Microsoft Access is the most popular Windows database program. A primary reason for its success is its interactive query interface. Once data is collected in a database, analysis and updates need to be performed. Queries offer the ability to retrieve and filter data, calculate summaries (totals), and update, move and delete records in bulk. Mastering Microsoft Access queries will improve your ability to manage and understand your data and simplify application development.
Examples are for Microsoft Access 2016, 2013, 2010 and 2007. Also applies to Microsoft Access 2003 and earlier.
The visual representation of tables and the graphical links between them makes Microsoft Access queries extremely easy to use and hides the complexity of writing the raw Microsoft Access SQL. Fortunately, the nice user interface still allows very powerful and advanced analysis. The entire query engine is modeled on SQL systems and can switch between the graphical query design and SQL syntax. Many Microsoft Access users and developers learned SQL from this feature.
Knowing the many features of Microsoft Access queries allows you to perform advanced analysis quickly without programming. This presentation covers the basics of queries revealing a variety of subtleties. It quickly moves to more advanced topics with hints and techniques for creating sophisticated queries. Finally, programmatic use of queries is presented:
Microsoft Access supports many types of queries. Here is a description of the major categories:
Select queries are the most common queries and can be used for viewing and a data source for forms, reports, controls, and other queries. The other queries create or change data and are known collectively as Action queries.
The most basic Select queries retrieve the records you specify from a table. You can choose the fields from a table to display, and specify the criteria for selecting records. In the most cases, while viewing the query results you can modify the data and update the original records. These updateable views are extremely powerful.
The first step in creating a query is to specify the table or tables to use and the fields to display. Selecting tables is simple. Just choose the table from the list when the query is first created or use the Add Table command from the Query menu. The selected table is placed on the upper portion of the query design window. From there you can select the fields for the query by double clicking on them or selecting several fields (using Shift-Click or Ctrl-Click) and dragging them to the bottom portion: the query by example (QBE) grid. Make sure the Show option is checked to display the field.
Once the fields are placed on the QBE grid, you can reorder the fields by clicking on the column and dragging it to the place you want. To sort the results, specify the Sort option under the fields to sort. You can choose Ascending or Descending order. Note that you can turn off the Show setting and sort on a field that does not appear in the display.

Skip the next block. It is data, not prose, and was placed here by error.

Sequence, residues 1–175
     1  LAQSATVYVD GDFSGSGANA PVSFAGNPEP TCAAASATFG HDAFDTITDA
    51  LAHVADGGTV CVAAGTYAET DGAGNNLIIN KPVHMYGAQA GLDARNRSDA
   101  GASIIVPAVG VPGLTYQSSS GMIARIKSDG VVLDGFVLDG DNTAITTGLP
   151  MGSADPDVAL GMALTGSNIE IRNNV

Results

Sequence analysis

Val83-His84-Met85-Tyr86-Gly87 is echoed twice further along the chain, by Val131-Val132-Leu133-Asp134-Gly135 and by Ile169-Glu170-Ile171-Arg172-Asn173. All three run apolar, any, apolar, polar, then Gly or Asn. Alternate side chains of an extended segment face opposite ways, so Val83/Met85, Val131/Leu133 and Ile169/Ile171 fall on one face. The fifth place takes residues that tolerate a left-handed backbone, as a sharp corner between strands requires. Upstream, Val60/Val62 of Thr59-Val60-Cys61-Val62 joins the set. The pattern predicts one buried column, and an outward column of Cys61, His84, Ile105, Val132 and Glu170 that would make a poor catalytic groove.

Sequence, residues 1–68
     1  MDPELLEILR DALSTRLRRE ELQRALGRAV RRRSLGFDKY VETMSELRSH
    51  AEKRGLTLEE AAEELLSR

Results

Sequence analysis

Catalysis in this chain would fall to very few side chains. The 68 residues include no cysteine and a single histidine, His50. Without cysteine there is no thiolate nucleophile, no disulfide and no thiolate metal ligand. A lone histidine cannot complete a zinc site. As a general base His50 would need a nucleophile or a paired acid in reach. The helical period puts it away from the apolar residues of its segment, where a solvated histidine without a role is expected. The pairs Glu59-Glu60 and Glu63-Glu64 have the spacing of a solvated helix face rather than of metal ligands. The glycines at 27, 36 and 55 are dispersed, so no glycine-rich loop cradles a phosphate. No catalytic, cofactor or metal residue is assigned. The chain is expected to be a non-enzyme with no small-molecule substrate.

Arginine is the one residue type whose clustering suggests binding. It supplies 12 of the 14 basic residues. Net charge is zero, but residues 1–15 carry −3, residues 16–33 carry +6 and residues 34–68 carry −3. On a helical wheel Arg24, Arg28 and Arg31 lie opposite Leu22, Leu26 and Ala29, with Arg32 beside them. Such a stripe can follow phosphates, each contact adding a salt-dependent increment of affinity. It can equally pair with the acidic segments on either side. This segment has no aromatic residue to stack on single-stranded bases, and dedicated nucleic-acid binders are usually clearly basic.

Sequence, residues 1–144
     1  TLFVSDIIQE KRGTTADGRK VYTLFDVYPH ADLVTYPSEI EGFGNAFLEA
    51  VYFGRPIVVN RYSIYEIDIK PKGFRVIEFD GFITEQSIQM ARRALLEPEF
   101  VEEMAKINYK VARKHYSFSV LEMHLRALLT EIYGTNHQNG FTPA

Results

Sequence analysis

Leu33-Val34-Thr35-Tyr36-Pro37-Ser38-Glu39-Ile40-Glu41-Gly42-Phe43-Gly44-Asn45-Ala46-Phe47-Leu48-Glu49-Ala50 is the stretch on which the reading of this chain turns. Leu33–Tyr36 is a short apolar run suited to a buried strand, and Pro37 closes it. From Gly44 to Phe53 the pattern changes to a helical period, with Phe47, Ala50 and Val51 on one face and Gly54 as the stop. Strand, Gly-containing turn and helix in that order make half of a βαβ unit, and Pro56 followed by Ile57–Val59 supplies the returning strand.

A very nice feature of Microsoft Access queries is the ability to rename fields. You may have your data stored in field names that are not easily understood by users. By using a query expression, you can change the field name the user sees. For instance, a field named "CustID" could be changed to "Customer ID" by placing the new name followed by a colon and the original name in the QBE field cell: Customer ID:[CustID].
In addition to retrieving fields from a table, a Select query can also display calculations (expressions). Of course, expressions cannot be updated since they do not exist in the original table. Expressions are extremely powerful and allow you to easily display complex calculations. There is an Expression Builder that simplifies the selection of fields and functions. By default, expression fields are named "Expr1", "Expr2", etc.; therefore, you usually want to rename them to something more understandable.
Expression fields are also useful for sorting your records. Here's an example of using a calculated field to Sort on Multiple Date (or Numeric) Fields with Blank Values in a Microsoft Access Query.
While designing a query, you can choose View | Properties or right click on the top portion of the query and choose Properties to see and modify the query properties.
This property lets you provide a description for the query to help you remember its purpose.
Show the results in a datasheet like a table, or a pivot chart or pivot table.
This option is usually set to No. If it is changed to Yes, all the fields of all the tables in the query are shown. In general, you should leave this property alone and specify the fields desired in the QBE grid.
Rather than retrieving all records, you can specify the top n records or n percent, where n is the value specified here.
By default this is set to No and all records are retrieved. If this is changed to Yes, every record retrieved contains unique values (SQL uses the SELECT DISTINCT command). That is, no retrieved records are identical.
For instance, you can run a query for the State field of the Patient table. With this set to No, the result is a record for each patient. When set to Yes, only the list of unique states is displayed. When set to Yes, the query is not updateable.
By default this is set to No and all records are retrieved. For one table queries, this property is ignored.
For multi-table queries, if it is set to Yes, (similar to using a DISTINCTROW in a SQL statement) only unique records in the underlying tables are retrieved.